New York

Hayv Kahraman, Not Quite Human 8, 2019, oil on panel, 60 × 60".

Hayv Kahraman, Not Quite Human 8, 2019, oil on panel, 60 × 60".

Hayv Kahraman

“She reminds me of that Mexican artist Frida Kahlo,” said a middle-aged man as he scanned new works by Hayv Kahraman depicting her constant subject: a black-haired woman with fair skin, poppy-red lips, and large, heavy-lidded eyes. It may have been this figure’s unapologetic unibrow that inspired the comment. But Kahraman, who is from Iraq, also shares the tendency of “that Mexican artist” to weaponize reductive views of her ethnicity and sexuality in paintings as subversive as they are beautiful. She has described her recurring character as an extension of herself: an avatar of her desperation to assimilate as a teenage refugee in Sweden and of her subsequent reconnection with her heritage.

In this exhibition, Kahraman cast her surrogates as contortionists kinked and folded into severe positions. Wearing leotards patterned with the tessellated ten-pointed stars, diamonds, and hexagons found in traditional Islamic art and architecture, they appeared alone, in tangled twos and threes, and in stacks. Five women formed an acrobatic spire in The Tower (all works 2019), backs arched, feet on thighs, crab-like legs splayed wide to frame prominent pubic mounds. In Not Quite Human 8, two standing women faced away from one another, their spines bent agonizingly as their heads met the backs of their knees. Sharply defined translucent shafts of gold passed over them—spotlights suggesting they were onstage and we their audience. In certain pieces they recalled hinged puppets or dolls, forced into unnatural positions. In others, their coolly composed, determined expressions suggested that the women themselves conceived this choreography and that these poses were of their own design.

Kahraman’s contortionists alternately appeared powerful, capable of manipulating the fantasies projected onto them as objects of “exotic” desire, and exhausted by the performance. The differences between the women’s features were subtle but striking—the viewer could read defeat in one weary eyelid, triumph in another, and detect a trace of pleasure in a pair of parted lips nearly identical to every other set. In these portraits, Kahraman alerted us to the process of interpreting the slightest cues in other people, something we so often do without any conscious thought or self-awareness.

Three sculptures, however, practically gutted the otherwise excellent show. Hot-pink, wormlike metal pipes sprouted from low plinths, terminating in circular paintings. One depicted a woman’s face, the other two, vaginas at close range. Coin slots wide enough to receive crayons were slit into each, right where you expected them to be. They were so crass, so brashly unlikable, they almost worked—if only for the sheer perversity and obvious relish with which they flouted the elegance of the other, more nuanced works. Their presence, however, felt like the sudden blare of a car commercial in the middle of a ballet.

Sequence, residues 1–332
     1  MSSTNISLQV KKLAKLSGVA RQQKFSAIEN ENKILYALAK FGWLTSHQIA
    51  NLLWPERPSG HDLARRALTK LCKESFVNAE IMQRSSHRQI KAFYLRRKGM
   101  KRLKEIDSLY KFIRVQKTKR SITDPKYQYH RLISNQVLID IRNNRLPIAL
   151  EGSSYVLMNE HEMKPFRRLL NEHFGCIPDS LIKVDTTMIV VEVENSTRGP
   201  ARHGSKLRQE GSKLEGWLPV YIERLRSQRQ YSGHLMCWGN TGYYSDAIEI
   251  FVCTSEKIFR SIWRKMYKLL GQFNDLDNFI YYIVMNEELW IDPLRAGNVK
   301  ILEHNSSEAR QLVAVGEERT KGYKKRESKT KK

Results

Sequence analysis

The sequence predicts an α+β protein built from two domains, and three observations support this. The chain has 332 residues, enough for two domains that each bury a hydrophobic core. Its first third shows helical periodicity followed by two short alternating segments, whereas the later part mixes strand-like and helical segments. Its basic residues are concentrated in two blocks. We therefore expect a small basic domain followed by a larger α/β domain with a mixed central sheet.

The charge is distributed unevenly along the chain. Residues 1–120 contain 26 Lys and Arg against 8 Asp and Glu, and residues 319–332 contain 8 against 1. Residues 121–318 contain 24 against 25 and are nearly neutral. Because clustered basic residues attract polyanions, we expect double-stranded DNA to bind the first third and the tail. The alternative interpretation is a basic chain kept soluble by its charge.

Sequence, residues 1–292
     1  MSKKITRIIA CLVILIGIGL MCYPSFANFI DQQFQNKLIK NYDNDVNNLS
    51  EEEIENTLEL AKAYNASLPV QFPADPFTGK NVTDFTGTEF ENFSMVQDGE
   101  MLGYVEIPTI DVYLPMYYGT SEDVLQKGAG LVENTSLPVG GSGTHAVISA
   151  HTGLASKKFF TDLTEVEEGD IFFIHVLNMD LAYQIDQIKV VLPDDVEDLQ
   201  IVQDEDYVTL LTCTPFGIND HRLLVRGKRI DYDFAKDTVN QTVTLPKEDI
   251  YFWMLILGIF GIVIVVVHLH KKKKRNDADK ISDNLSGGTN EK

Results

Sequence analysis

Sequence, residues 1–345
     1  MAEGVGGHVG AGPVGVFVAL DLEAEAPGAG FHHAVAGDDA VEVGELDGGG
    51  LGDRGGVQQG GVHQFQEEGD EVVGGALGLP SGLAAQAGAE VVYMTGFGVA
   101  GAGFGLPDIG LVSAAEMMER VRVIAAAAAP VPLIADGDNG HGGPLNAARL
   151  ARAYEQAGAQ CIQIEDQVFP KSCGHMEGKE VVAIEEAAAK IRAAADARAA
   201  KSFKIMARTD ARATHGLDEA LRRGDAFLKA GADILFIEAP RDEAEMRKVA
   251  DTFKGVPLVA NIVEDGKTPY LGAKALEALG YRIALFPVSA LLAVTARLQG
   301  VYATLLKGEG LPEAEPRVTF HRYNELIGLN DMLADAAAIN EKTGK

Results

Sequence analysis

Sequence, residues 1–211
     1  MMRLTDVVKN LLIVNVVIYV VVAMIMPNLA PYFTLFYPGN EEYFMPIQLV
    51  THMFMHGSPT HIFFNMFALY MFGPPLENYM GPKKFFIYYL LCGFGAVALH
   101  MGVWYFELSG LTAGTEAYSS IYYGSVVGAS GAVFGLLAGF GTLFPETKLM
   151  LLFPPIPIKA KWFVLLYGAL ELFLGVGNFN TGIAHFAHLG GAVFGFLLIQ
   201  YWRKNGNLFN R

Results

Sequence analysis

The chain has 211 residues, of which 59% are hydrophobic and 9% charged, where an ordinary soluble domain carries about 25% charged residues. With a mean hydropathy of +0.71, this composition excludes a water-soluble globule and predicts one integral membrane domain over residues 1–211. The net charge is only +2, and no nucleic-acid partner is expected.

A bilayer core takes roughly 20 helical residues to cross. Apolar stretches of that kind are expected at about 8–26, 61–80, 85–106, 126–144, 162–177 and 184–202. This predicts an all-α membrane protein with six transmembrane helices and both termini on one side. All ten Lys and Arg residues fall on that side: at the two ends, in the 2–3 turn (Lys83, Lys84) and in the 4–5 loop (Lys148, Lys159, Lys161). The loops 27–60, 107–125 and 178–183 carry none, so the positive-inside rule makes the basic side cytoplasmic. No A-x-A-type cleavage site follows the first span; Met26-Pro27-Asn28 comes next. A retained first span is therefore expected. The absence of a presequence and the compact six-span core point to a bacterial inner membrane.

The more successful risks Kahraman took in this show appeared in paintings that flirt with abstraction. The background of Hyperinvisible 3, for instance, is mottled with bleeds, stains, and smoky spots of charcoal and chalky orange. Drips run upward from the bottom of the canvas. These evocative splotches suggest an amorphous architectural space—a low wall or balcony, maybe—only to lapse back into obscurity. The bodies of the two women in this painting, whose overlapping heads form a teardrop near its center, are not filled in with the usual sheer washes of pale pink, but instead are outlined in eloquent black brushstrokes. These lines are alive with Kahraman’s own gestures, the twists of her wrist and sweeps of her arm. In an oeuvre distinguished by meticulous exactitude and gorgeous control, it was wonderful to feel the dynamism of the artist at work.

“I think these pictures were designed to turn people off,” declared the Kahlo expert as he exited the gallery. Whether he viewed this as a merit or a shortcoming was not immediately clear, but Kahraman might have appreciated that he did not leave “turned on” by the dark eroticism of her paintings. Her work stymies our desires with complex, inscrutable demands. The women who meet our gaze do so with sphinxlike stares that are both challenges and invitations. They appear at once defiant and beseeching, as though to say, “You could never understand,” while begging—or daring—us to try.